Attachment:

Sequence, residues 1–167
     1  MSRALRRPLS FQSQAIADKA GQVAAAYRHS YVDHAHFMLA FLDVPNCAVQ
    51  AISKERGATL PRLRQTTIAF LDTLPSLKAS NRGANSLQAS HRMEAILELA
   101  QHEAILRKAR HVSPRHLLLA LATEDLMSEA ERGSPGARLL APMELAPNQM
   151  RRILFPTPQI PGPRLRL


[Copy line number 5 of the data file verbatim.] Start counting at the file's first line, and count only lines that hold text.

   151  RRILFPTPQI PGPRLRL